It was Light who used the cabbies, the bill posters, the street sweepers and hawkers as her eyes and ears, gave protection in exchange for all they knew.

It was Light who warned us of fresh-faced beat coppers out for an easy collar, of gangs bringing their own toms and dippers into our patch. And when sober requests to move on were rebuffed, it was Madam Light’s boys who did what had to be done.

She shined bright, steady as Dover’s white cliffs, for twenty glorious years.

Until this morning.

She was found in her chair, boots on the grate, pipe hanging slack from her lips.

Light snuffed out.

***

Written for What Pegman Saw, the prompt that uses Google Street View as inspiration. This week we visit Silver Bay, Minnesota. See here to join in.

NB

Rookery – dense collection of houses, especially slums.

Bobbies/coppers – policemen (I would say ‘police officers’ but in the Victorian period in which this story is based, there were only male officers).

Toms – prostitutes.

Dippers – pickpockets.

Last month was Word Shamble’s fifth anniversary and this is my 1,000th blog post.

The blog has developed over time – I’ve tried humour, book-based posts, a serial and now mainly write flash fiction. I’ve had a lot of fun and ‘met’ a lot of lovely people – both in the UK and abroad.

Thanks to all who’ve read and commented over the last 1,000 posts, my WP family. Hope you can hang around for the next 1,000.

Crimson’s Creative Challenge #67: Twilight at Bicker’s Mill

CCC#67

What remained of Bicker’s Mill still stood, the wooden pillar like a lighthouse in an ocean of reeds and sedge.

Mist was developing as we approached the whitewashed boards, not so much rolling in across the marshes, but rising upwards as if expelled from the ground.

Dor had waded close behind me all the way from the road, grumbling about the wet and the cold and the wisdom of being at the ‘Tween Place’ at twilight. She mumbled, the words becoming formless, an incantation against my foolishness.

‘Hush now,’ I said, taking her hand, and the warmth of me quietened her a little. ‘You know why we’re here.’

The sun settled low, the clouds ink and fire, the low mist a stubborn grey. I lit a smoky fire to warm our hands, to ward off the tremors.

As night crept in, Dor stared across the marsh. ‘There,’ she said.

***

Written for Crimson’s Creative Challenge #67. See here to join in.

Crispina’s talk of Boggarts and Trolls led me to comment about the nature of these between places and the belief that the margins between dry land and water were also margins between this world and others.

Perhaps also part of the reason bog body sacrifices such as Tollund Man (below) were made in Europe through pre-history.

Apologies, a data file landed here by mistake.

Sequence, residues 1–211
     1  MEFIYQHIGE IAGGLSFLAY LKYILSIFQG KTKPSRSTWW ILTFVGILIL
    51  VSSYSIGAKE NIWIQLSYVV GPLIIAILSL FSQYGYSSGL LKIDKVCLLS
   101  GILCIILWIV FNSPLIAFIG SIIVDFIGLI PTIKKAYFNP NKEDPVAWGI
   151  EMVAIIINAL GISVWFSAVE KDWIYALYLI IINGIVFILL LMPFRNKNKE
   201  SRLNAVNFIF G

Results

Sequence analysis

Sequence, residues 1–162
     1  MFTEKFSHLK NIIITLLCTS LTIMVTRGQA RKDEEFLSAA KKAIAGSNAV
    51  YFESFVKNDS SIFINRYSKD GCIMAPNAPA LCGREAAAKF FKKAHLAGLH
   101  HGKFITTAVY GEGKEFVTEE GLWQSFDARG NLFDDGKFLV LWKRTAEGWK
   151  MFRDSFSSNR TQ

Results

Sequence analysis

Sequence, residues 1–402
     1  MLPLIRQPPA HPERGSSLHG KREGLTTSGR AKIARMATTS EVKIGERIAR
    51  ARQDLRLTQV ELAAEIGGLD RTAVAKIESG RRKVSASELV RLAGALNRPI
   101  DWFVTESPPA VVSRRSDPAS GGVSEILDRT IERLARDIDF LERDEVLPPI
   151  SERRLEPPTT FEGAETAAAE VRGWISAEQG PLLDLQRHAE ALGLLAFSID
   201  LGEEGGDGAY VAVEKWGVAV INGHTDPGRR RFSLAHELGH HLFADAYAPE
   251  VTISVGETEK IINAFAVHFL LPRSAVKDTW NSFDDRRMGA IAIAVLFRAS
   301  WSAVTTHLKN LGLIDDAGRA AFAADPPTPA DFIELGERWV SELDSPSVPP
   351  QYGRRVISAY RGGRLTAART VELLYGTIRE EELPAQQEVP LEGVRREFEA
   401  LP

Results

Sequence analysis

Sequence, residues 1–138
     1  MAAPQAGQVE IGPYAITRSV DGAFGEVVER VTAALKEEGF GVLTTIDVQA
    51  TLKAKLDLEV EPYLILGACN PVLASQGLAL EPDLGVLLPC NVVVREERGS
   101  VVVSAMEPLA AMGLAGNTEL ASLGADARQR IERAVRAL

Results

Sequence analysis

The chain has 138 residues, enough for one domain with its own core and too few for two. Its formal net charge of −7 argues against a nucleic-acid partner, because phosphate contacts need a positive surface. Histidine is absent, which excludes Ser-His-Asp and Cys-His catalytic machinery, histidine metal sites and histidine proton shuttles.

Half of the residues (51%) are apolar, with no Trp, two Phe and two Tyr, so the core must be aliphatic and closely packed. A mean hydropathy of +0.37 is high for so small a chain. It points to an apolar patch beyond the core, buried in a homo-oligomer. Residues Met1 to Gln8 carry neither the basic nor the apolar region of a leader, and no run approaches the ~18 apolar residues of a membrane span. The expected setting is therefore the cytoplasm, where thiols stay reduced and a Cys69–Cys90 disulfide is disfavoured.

Image result for tollund man

Crimson’s Creative Challenge #66: The Knapper

CCC#66

A last bus rumbled past, leaving behind it diesel fumes and a wash of gutter water.

The night was restless with weaving drunks, corners stuffed with sleeping bags and cardboard mattresses for the city’s homeless.

‘Does it have to be now?’ Marv whispered.

Tyche pushed knotted hair from her eyes. ‘When else?’ She approached the old gaol wall, its dark mosaic of flint nodules.

‘We’re gonna end up in jail ourselves, only it’ll be more shared lavs and shivs than pretty rocks.’

‘Here.’ She knelt by the rusted grill, hand on a particular ball of flint. ‘Get to work, Knapper.’

Sighing, Marv eased down beside her. The wall seemed to glow a little, a faint luminescence only visible away from the street lights. Placing a swollen knuckle on the light, he struck.

Splinters fell to the pavement. A song floated, sinuous on the air. Such longing.

‘We’re here,’ hissed Tyche.

***

Written for Crimson’s Creative Challenge #66. Go here to join in.

NB. Tyche was the Greek Goddess who governed the prosperity and fortune of a city.

Flint is a fascinating material that was used for weaponry and tools long before it was used to make buildings. It’s almost a mystical thing, to watch an expert knapper create an arrowhead from a solid, brittle ball of flint.

And for fun, I thought I’d include a video of my favourite knapper – archaeologist Phil Harding from Wessex Archaeology. And if you want to imagine Phil as Marv, feel free.

What Pegman Saw: Blackbirding

Image: Googgle Street View

Solomon crouched to the last snare. This was often the best place – dense shrubs in the lea of a tumbledown wall, the sound of waves crackling over the shingle beach below.

The blackbird eyed him. It lay on its side as if tipped by the wind, exhausted from fighting the snare. A young cock, strong, clean feathers. The scales on its left leg were torn away, bloodied, the foot nearly off where the wire had pulled tight.

The sun was almost up, the world all greys, the blackbird a scrap of night with a golden beak.

Solomon enclosed it in his hand, rubbing the soft head with his thumb. The bird was too tired to fight, breaths coming fast and shallow.

He’d always liked blackbirds – smart, handsome, harmless.

The neck broke easily with a twist of his fingers. He tossed the corpse into the sea.

Poor eating on a blackbird.

***

Written for What Pegman Saw, the prompt that uses Google Streetview. This week we are in Vanuatu in the Solomon Islands.

On reading the history of the islands, I found they were a target for slavers seeking labour for sugar plantations. This practice was called ‘blackbirding’.